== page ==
Peace Breaks Out! at Sir John Soane’s Museum focuses on the celebratory mood in London and Paris in the summer of 1814, following Napoleon’s abdication. Around Britain, Peace Fêtes were organised in cities, towns and villages. Everyone was celebrating, and some were travelling. Parisians watched the British return in droves, after a 12 year absence, caricaturing them as portly gluttons or drab country cousins. Soane was one of the first to rush over to Paris, where he had last been as a student in the late 1770s. (His wife, Eliza, meanwhile went to Dieppe.) He returned with illustrations of a new generation of Parisian buildings to use in his lectures. He was also avidly collecting ephemera and artefacts of the moment, and his possessions, amplified by the collection of one of the exhibition's curators, Alexander Rich, make up a remarkable cabinet of curiosities, a window onto those euphoric summer weeks.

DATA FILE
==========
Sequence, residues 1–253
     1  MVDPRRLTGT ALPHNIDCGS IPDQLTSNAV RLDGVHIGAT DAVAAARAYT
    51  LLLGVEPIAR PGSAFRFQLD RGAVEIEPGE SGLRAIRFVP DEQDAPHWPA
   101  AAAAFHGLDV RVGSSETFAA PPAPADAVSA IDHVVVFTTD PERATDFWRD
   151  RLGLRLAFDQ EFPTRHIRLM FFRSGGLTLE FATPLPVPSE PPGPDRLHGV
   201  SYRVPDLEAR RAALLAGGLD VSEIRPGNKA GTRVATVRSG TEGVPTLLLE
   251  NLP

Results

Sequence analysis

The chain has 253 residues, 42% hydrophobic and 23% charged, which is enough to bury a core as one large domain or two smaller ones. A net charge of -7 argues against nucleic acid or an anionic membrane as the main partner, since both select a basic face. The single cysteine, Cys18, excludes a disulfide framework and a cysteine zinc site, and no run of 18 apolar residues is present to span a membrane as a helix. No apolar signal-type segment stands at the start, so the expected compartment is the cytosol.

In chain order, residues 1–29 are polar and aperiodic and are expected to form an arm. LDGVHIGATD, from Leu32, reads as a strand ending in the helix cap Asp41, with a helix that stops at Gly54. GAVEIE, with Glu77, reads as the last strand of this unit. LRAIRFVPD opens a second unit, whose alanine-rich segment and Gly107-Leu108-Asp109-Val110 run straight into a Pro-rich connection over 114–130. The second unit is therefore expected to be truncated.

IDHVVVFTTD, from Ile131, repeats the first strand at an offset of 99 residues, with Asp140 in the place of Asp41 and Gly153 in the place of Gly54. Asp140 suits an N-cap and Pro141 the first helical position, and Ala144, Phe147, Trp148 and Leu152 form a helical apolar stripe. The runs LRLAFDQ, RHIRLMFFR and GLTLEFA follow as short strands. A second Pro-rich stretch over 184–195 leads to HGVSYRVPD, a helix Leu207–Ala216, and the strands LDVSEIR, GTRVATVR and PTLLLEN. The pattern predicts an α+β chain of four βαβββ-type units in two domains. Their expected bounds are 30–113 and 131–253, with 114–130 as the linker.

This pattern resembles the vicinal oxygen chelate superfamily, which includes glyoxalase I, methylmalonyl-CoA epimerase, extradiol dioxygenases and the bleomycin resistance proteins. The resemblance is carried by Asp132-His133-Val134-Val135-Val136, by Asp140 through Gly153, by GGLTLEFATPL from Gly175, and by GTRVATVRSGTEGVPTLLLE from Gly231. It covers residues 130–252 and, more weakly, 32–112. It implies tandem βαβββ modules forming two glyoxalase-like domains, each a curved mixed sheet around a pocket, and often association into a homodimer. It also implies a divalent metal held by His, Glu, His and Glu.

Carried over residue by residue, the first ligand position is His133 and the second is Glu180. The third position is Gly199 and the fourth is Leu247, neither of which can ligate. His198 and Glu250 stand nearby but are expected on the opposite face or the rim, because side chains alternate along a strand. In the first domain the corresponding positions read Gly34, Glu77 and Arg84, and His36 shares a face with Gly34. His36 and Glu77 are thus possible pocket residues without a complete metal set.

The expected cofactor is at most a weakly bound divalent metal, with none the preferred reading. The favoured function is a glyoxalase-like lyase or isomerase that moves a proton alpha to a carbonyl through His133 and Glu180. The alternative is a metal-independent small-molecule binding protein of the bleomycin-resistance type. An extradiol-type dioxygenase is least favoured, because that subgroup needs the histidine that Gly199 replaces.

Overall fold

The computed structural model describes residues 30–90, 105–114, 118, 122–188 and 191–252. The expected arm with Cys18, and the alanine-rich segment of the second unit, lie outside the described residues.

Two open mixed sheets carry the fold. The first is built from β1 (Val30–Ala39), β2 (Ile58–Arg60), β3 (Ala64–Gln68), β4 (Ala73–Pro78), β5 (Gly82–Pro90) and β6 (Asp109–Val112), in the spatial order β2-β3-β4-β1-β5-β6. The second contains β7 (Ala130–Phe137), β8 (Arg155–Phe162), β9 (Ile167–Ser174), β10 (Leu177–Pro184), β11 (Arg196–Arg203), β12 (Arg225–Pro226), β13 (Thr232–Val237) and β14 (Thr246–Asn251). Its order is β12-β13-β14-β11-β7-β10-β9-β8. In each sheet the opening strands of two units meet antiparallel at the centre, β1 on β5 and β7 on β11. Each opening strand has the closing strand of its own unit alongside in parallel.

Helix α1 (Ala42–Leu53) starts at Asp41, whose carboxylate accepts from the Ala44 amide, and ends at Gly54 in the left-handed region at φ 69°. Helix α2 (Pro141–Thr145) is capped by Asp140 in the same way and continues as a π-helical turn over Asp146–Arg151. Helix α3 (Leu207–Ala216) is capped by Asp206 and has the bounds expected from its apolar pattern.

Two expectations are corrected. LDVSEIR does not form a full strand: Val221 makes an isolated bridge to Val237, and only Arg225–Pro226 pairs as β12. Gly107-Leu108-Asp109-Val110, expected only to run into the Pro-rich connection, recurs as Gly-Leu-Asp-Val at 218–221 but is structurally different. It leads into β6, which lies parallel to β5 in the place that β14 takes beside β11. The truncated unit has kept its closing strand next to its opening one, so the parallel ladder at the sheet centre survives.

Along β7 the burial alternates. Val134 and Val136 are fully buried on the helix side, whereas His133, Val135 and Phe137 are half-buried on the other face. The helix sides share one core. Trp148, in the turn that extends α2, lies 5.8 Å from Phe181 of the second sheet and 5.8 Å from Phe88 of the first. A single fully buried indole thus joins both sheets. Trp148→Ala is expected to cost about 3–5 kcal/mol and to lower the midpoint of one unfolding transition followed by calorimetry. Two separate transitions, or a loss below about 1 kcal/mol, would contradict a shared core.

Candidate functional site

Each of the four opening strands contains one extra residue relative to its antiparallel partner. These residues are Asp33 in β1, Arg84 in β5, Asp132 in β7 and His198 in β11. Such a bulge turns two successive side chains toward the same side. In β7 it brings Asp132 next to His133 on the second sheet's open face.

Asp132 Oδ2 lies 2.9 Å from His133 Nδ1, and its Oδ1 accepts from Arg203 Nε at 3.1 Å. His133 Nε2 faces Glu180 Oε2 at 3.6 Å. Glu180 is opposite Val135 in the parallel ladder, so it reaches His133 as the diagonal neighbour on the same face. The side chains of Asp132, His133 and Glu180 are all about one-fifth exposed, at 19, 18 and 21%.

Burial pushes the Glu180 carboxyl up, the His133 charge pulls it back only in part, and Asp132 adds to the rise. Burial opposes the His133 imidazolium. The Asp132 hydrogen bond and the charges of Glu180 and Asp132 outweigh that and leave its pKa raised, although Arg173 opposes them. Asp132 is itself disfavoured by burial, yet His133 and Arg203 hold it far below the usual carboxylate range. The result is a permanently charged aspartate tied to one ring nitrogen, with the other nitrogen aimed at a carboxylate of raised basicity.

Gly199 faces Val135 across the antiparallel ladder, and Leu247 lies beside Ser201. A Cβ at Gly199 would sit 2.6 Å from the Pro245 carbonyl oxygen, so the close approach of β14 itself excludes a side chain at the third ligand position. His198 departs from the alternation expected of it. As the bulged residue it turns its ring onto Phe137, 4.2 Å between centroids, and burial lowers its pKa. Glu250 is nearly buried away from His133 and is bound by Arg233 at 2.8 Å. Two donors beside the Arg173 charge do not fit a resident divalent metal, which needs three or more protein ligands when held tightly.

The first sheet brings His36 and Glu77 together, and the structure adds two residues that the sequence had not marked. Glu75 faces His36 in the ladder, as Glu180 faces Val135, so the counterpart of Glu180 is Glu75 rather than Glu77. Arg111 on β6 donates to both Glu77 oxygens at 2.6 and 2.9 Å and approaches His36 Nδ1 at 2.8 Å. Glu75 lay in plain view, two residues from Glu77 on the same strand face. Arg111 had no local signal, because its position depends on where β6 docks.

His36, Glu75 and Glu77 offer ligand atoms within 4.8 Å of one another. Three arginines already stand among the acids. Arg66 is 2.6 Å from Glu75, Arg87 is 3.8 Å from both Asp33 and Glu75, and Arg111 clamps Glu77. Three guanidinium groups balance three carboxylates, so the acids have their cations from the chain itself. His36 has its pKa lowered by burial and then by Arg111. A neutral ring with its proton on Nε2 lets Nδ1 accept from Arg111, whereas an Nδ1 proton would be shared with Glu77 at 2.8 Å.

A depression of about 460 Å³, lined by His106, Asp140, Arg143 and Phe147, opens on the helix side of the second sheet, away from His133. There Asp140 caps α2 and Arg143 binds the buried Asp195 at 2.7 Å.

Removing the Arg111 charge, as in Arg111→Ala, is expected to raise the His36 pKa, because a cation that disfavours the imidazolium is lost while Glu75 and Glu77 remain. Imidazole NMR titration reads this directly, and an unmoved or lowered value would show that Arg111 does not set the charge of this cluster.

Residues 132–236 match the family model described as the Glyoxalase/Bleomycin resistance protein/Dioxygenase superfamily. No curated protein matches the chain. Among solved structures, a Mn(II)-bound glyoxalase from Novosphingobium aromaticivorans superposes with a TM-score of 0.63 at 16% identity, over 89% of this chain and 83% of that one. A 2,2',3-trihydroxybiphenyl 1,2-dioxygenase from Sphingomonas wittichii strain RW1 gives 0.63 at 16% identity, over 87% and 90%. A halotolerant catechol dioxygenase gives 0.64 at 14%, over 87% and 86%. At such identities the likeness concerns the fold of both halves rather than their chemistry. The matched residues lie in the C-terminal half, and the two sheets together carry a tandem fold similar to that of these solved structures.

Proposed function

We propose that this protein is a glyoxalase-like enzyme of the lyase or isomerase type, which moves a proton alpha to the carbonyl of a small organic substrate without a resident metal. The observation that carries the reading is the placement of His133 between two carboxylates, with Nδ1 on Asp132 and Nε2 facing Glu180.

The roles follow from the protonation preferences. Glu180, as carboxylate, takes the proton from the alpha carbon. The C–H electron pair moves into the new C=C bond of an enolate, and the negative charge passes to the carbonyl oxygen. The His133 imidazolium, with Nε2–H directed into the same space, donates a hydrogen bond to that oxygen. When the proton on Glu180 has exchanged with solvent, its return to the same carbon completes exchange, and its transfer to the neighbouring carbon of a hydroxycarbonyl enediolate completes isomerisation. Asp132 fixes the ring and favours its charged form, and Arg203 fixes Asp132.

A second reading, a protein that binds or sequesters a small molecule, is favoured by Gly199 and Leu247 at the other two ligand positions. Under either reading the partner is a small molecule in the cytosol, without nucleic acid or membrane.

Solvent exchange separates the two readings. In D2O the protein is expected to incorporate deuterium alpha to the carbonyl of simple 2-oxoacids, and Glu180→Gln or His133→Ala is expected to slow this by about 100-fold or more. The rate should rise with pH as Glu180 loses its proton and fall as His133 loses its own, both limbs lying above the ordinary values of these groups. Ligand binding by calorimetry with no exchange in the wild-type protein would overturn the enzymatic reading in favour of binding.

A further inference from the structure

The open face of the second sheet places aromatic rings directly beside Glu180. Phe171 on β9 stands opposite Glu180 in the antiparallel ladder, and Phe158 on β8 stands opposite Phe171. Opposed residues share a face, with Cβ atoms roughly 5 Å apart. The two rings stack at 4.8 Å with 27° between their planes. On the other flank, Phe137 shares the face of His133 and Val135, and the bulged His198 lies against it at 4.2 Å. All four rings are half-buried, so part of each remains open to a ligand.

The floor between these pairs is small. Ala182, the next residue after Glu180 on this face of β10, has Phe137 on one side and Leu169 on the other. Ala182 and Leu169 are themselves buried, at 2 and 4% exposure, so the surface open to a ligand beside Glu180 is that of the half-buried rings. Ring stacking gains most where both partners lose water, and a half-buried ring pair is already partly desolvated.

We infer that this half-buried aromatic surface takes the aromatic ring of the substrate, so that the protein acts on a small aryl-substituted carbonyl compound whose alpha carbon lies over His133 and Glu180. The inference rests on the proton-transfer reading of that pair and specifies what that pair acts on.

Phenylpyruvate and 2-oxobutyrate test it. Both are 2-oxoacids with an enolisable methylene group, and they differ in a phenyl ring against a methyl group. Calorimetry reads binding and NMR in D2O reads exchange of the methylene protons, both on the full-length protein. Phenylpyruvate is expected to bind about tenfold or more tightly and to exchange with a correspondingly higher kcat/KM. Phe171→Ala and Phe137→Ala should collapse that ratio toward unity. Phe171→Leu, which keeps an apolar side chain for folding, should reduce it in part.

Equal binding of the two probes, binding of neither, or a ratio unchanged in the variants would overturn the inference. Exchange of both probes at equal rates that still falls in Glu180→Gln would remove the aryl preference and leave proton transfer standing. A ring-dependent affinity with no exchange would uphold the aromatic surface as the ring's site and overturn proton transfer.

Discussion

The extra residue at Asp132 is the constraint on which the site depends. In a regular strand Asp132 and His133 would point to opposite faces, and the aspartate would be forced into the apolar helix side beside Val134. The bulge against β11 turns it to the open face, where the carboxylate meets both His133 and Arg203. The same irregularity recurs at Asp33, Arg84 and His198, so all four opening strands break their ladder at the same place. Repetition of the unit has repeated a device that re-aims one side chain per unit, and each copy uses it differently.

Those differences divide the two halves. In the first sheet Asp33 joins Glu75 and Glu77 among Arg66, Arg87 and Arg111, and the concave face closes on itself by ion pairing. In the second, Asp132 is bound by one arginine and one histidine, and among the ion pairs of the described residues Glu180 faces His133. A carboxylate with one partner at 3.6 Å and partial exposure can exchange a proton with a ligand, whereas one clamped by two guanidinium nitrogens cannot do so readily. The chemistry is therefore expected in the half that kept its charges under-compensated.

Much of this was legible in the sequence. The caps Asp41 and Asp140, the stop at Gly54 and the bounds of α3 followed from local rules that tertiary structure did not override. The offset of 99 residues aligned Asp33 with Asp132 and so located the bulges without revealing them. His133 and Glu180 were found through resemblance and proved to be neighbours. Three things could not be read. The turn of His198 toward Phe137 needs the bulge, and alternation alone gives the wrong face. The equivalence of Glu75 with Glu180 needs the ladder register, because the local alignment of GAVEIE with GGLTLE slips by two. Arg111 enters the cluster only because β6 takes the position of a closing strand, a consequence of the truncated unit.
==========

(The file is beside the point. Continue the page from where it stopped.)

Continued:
In the global league of immense sporting events, the Tour de France is third to the Olympics and the World Cup, or so the Essex Chronicle says. So how can a narrow lane in this corner of Essex between Chelmsford and Ongar, intensely rural though hardly thirty miles from London, accommodate the event?